I've long had a theory about people and houses. Some people are movers and some people are stayers. Just look at Warren Buffett. He's a multi-billionaire businessman, and yet Buffett still lives in the exact same house he bought way back in 1958 in Omaha, Nebraska for a measly $31,500!
Yes, I'm talking about THE Warren Buffett, the guy Wikipedia calls the most successful investor of the 20th century. And he's a "stayer"! Could it be that he's one of those romantics too?
Let me back up here and explain this movers and stayers theory, OK?
My parents have lived in the same house I grew up in, the same house they bought several years before I was born. And then I met my husband who had moved five times before he was a teenager. I'd always known these people existed, but I thought they were anomalies. I thought the Buffetts of the world, the people who stay tied to one place regardless of their financial state, were the norm.
Turns out the average American moves 11.7 times in their life. And every time the lottery jackpot climbs into the gazillion-dollar range, people start talking about how they want to win millions of dollars so they can move into a fantastic mansion.
I have dabbled in fantasy myself. I have lost hours on Pinterest gazing at houses that have room for all the stuff that we've collected in the 10 years since we moved into a house that has so little space!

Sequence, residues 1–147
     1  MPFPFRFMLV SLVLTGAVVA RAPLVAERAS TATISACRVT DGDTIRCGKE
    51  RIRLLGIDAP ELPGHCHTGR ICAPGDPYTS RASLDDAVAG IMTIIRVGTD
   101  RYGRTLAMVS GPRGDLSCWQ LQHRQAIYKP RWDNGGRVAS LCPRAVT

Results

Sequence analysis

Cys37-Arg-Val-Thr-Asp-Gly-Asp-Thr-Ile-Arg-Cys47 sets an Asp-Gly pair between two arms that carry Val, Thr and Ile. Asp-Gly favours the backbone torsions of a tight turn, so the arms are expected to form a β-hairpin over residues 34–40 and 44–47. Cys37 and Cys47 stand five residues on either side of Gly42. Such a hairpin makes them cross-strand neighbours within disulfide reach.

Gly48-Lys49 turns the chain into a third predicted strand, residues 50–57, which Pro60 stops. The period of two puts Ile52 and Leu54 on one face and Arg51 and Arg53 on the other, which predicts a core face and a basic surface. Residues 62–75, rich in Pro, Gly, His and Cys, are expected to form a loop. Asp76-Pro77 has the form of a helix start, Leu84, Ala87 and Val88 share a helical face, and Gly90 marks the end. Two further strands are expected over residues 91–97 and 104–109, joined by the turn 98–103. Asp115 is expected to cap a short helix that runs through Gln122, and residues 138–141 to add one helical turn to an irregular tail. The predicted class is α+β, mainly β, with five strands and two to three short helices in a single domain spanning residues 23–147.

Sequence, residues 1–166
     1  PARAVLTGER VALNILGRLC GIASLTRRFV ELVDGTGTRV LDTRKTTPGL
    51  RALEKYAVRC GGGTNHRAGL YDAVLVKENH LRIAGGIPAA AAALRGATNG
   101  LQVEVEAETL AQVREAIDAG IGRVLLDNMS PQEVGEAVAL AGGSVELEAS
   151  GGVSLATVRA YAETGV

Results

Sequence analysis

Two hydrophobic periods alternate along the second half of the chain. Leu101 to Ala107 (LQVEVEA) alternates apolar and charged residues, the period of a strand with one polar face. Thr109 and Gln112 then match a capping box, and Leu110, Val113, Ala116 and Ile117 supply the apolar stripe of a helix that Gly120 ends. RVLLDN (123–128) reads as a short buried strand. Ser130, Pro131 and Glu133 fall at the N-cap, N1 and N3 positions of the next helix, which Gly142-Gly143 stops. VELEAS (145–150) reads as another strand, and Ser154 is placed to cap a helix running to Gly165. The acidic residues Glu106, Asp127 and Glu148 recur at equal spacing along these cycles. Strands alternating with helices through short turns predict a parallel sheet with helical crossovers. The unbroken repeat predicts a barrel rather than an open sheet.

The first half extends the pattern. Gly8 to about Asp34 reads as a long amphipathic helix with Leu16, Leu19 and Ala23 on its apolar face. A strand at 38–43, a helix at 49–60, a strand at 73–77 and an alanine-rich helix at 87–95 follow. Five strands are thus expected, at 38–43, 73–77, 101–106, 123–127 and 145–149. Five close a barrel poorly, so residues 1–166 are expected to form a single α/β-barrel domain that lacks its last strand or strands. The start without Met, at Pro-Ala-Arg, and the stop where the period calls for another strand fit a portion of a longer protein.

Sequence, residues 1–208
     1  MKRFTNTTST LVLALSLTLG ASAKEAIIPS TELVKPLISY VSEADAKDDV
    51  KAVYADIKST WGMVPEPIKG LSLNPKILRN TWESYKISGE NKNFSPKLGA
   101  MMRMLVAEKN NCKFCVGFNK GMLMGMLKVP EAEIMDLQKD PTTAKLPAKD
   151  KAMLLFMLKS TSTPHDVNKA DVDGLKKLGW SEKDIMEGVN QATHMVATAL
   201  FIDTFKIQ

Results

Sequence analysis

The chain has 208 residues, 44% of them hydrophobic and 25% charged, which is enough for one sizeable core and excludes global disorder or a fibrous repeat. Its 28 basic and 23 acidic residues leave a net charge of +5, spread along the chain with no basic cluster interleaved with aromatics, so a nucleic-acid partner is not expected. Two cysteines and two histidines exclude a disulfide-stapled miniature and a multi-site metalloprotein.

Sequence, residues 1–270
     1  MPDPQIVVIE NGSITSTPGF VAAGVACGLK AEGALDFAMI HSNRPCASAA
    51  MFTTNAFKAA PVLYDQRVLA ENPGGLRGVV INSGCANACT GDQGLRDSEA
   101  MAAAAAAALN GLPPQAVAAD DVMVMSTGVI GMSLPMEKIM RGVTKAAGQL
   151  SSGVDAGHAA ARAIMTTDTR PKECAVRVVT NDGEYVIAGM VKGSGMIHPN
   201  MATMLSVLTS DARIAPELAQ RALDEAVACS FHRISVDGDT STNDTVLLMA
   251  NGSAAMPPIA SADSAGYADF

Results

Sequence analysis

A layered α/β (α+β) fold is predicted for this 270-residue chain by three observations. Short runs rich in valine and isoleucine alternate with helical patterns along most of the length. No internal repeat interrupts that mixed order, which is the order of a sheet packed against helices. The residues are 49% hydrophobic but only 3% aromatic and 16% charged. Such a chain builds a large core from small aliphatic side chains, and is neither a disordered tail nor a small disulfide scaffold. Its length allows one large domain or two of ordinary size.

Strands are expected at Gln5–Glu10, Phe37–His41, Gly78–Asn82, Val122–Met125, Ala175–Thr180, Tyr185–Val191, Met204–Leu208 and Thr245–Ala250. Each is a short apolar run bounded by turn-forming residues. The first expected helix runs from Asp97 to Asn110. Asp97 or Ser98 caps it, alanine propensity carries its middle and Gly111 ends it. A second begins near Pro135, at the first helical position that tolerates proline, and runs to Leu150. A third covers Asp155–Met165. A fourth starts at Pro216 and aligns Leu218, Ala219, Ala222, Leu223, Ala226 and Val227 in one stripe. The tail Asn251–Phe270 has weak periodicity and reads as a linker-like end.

But then I look around my house and my yard. There is the tree where we hung my daughter's first swing. There's the spot where we huddled in the freezing cold as a family to say goodbye to our cat.
I would love to have a second bathroom, and a bedroom that actually fit our furniture, and, and, and ... but I'm an old softie and a bit of a romantic. I look at my tiny house, and I see beyond the one bathroom and strange shaped rooms. I see our life. I see memories. I see things that money can't replace.
So Warren Buffett has millions of dollars? So he's stuck with a house that he paid $31,500 for (that's $250,000 by today's standards) when he could have moved on up and moved on out? Some people would call him a cheapskate. I'll call him a guy who gets what's really important in life; who knows that money can't buy everything.
What about you? Could you stay in the same house for the rest of your life?
Image via Pacific Coast News